How to write a great introduction: the structure that works every time

So many writers focus on the body of their book – the key points they’ll use to express their argument, which case studies would work, which experts to quote, etc. – that they forget about their introduction. In fact, I even had one client say something along the lines of “isn’t the introduction just fluff?” when I recommended moving content from her opening chapters to the beginning.

No, your introduction is not fluff. In a nonfiction book, your introduction is where you make your case – yes, it’s where you tell your readers what your book will be about, but it’s also where you tell them why it’s so important, why you’re the best person to teach them about this, and why your book is the best one to read. In short, your introduction is what convinces your readers to read the rest of your book.

Your introduction is what convinces your readers to read the rest of your book. Click To Tweet

So how do you write a great introduction?

Here’s a structure that works every time:

1. Draw them in (optional)

A good way to start an introduction and really draw your readers in is with a brief story. However, a lot of writers go wrong by making this where they go into their story, which usually isn’t brief. This leaves the reader wondering, “What’s in it for me? Why should I keep reading if they’re just going to keep talking about themselves?”

Instead, focus on a hypothetical story (or a brief version of yours), that either:

  1. Builds up the problem that your book solves
  2. Paints a picture of what it will look like once they’ve found a solution

2. Cover the ‘what’

What is your book about, and why is it relevant to the reader? This is where you create context. While it can be tempting to go straight into the ‘why’ (see my article on chapter structure for more on this), if your readers don’t know what you’re talking about, they won’t care why it’s important.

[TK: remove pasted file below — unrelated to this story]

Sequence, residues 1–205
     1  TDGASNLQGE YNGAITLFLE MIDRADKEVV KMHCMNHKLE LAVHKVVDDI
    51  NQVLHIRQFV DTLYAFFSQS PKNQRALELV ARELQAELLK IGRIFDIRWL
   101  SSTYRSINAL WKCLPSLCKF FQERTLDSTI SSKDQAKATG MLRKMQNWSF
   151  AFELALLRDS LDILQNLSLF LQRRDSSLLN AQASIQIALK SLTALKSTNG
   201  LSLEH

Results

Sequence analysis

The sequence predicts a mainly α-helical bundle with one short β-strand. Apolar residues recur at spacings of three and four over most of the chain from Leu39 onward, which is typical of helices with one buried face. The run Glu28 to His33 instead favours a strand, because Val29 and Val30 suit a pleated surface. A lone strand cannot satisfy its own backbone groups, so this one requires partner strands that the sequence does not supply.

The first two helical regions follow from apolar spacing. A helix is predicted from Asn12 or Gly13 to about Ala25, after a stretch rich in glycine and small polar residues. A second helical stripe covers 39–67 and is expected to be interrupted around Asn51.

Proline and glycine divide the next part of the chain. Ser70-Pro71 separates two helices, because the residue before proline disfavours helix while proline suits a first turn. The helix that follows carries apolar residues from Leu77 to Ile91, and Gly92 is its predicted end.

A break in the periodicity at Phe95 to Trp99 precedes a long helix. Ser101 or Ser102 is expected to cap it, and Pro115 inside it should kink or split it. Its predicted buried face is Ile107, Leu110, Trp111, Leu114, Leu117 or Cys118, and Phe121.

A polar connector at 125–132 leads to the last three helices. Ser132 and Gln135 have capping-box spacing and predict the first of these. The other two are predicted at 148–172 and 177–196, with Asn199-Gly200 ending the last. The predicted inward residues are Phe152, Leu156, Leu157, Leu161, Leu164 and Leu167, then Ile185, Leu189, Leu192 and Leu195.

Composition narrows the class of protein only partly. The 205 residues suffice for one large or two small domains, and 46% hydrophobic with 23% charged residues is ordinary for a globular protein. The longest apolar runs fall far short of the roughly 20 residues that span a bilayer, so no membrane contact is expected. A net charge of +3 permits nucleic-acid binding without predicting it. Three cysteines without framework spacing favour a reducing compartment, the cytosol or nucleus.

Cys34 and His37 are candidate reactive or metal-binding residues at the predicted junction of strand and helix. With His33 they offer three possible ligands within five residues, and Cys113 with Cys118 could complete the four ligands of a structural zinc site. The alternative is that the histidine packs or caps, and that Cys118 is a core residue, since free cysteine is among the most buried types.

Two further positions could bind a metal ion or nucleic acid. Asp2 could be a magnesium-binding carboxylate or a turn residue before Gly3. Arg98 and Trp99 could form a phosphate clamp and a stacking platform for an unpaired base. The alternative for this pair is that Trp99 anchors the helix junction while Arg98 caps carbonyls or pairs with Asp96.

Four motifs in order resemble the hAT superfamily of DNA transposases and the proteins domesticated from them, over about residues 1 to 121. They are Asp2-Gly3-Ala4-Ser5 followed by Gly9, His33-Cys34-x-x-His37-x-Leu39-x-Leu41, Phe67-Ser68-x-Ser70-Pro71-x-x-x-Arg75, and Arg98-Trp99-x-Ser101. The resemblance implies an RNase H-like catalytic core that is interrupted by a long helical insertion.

3. Give background

This is how you bulk up your introduction – this may be background into the industry (which answers the question, “why is now the best time to be learning this?”), or background into your story (which answers the question “why are you the best person to be writing about this?”).

This background focuses on building your case – why they should read the book. However, remember that you only need to make your case once – some writers have a tendency to get lost in examples. Just stick to one or two per point and you’ll be fine (this goes for your chapters as well as your intro).

4. Give your solution

Introduce the topic of your book. In some cases, particularly if you’re sharing your story, the background will lead into this.

From here you can go in one of two directions, depending on whether or not you think your reader will be sold on your solution yet:

  1. If they aren’t sold on your solution:
    • Cover the main problems they’re suffering from at the moment, and how the framework of your book will solve these. OR
    • Cover some of the common objections people have regarding your solution, and how the benefits of your solution outweigh these objections.
  2. If you think they’re already sold on your solution, go straight into breaking down what the book covers (this may be a five or seven step process, outlined with a paragraph on each step). If you need to sell them a bit more, simply cover this once you’ve gone into the problems in more detail.

5. Final note

Add a final note before going into the rest of the book. This can be as simple as wishing them well and hoping that they enjoy the book, or a couple of sentences recapping the benefits of what they’ll learn by reading.

There you have it – your map for an awesome introduction!

Ready to write your book?

Awesome! This is an extract from my award-winning book, Book Blueprint, which is being released in June 2017.

Pre-order a copy or download the first two chapters for free at grammarfactory.com/bookblueprint.

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